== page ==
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Fall of the Roman Republic For Dummies Fall of the Roman Republic For Dummies

The Past and the Fiuture? • • 1 Political developments in the late Republic The Past and the Fiuture? • • 1 Political developments in the late Republic – legacy of Sulla • – Pompey: significance of military and political career 2007 • – significance of the consulship of Pompey and Crassus in 70 BC • – role and significance of Cicero 2004 • – First Triumvirate: aims, roles and responsibilities of Caesar, Pompey and Crassus • – activities and breakdown of the First Triumvirate 2008 • • • – political crises: role of the Senate; use of the army for political purposes; urban violence – role of optimates, populares • – Caesar and Pompey: political competition and responsibility for outbreak of the Civil • • • War 49– 45 BC – significance of Caesar’s dictatorship 2 Wars and expansion • – Pompey’s extraordinary commands and the Eastern Settlement • • – Caesar’s military activities in Gaul, Germany and Britain – significance of the Mithridatic and Parthian wars • 3 Fall of the Republic • – impact of Caesar’s assassination • – formation, activities and breakdown of the Second Triumvirate 2005 • – rivalry and Civil War between Mark Antony and Octavian: role of Cleopatra VII; • Battle of Actium 2005 2004 2006 2007 2008, 2003 2006 2003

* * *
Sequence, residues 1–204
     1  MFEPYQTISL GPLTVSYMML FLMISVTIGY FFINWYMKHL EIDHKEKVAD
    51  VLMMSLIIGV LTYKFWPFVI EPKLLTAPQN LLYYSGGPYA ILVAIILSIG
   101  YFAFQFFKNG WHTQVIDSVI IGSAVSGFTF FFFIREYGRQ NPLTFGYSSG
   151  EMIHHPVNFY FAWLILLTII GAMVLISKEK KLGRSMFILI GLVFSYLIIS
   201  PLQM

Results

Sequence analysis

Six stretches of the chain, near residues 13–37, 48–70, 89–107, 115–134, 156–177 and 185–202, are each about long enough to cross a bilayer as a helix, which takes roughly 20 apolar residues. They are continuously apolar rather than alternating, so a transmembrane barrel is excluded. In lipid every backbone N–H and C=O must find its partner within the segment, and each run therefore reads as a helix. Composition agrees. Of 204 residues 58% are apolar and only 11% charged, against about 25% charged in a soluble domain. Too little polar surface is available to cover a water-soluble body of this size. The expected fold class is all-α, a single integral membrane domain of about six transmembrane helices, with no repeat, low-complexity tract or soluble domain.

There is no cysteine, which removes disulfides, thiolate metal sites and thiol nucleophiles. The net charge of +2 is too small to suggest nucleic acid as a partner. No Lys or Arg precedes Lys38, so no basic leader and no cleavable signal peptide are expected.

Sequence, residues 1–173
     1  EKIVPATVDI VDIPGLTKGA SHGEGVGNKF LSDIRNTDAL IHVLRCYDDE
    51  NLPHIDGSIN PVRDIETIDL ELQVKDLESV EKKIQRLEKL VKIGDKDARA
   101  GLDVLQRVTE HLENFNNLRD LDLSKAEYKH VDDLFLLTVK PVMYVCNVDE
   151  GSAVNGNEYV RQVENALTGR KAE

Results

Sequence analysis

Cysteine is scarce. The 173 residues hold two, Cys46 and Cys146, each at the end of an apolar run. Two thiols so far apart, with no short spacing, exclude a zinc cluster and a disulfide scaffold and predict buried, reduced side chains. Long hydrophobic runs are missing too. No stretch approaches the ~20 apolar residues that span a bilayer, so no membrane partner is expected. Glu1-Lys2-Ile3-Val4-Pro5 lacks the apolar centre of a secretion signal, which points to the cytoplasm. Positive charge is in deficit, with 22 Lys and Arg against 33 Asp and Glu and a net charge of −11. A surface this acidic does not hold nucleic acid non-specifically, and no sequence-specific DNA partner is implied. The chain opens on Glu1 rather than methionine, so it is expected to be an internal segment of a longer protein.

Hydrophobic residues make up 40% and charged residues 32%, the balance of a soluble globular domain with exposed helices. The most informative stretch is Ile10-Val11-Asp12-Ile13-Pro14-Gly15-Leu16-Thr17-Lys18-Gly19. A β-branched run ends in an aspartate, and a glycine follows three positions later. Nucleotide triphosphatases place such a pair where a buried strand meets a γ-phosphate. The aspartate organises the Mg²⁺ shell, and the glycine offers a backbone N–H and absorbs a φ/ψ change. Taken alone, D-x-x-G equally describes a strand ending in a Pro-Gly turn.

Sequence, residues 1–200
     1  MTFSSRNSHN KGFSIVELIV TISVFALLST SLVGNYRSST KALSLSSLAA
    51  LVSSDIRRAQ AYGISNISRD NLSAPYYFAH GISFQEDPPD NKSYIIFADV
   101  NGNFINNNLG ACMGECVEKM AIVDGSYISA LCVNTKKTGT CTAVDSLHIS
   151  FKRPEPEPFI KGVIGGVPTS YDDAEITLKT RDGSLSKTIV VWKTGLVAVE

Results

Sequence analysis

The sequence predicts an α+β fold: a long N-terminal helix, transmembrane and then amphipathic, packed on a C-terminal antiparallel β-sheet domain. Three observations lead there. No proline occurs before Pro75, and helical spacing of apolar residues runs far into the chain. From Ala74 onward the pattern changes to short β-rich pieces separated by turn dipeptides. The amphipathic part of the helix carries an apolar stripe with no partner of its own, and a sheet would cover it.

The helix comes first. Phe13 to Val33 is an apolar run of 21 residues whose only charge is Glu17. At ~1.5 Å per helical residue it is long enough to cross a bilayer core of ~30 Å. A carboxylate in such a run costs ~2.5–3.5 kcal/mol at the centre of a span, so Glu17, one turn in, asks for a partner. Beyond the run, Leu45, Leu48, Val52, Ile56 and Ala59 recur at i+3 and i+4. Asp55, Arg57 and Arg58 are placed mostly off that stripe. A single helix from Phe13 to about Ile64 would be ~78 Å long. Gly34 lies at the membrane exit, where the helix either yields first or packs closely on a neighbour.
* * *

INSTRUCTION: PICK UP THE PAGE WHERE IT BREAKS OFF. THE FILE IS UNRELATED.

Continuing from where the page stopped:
APPROACH TO PERIOD QUESTION • It is vital to know a comprehensive narrative of APPROACH TO PERIOD QUESTION • It is vital to know a comprehensive narrative of the period. • The focus of the question will be role or significance of Bodies/Instit utions Groups individuals • Senate • Army & Generals • Tribunes • First Triumvirate • Second Triumvirate • Pompey • Cicero • Crassus • Mark Antony • Octavian

Think and Speak like a Roman • • • Amicitae Mos Maeorum Nobilitas Dignitas Think and Speak like a Roman • • • Amicitae Mos Maeorum Nobilitas Dignitas Imperium Patron/Client Relationship Suo Anno Clemencia Celeritas Concordia Ordinum

Students must have a broader appreciation of the impact of Empire. This would constitute Students must have a broader appreciation of the impact of Empire. This would constitute a sophisticated judgment; Band 6 outcome. 1 The empire expands 5 The unemployed mob cause increased corruption & military commanders become too influential as the army becomes dependent on the spoils of war 2 Wealth and Slaves flood into Rome 3 Senators buy up vast properties 4 Smallholders move to Rome to try and find work

Characteristics of the Period • Increasing factionalism in Senate between Populares and Optimates • Characteristics of the Period • Increasing factionalism in Senate between Populares and Optimates • Rise of popular tribunes and use by generals • Rise of client armies and powerful generals. ” The rise of the professional army was probably the most important of the problems besetting the Republic with which the Senate failed to deal “ Goldsworthy • Increasing violence in the streets and forum • Undermining of Cursus Honorum. Use of non traditional paths to power • Use of amicitae to overpower Senate

Wars of Expansion • • Punic Wars Jugurtha Mithridates Brought great wealth but raised Wars of Expansion • • Punic Wars Jugurtha Mithridates Brought great wealth but raised the importance of army and generals to the most powerful position. • The path to power lay, not with the Cursus Honorum but the ability to raise an army.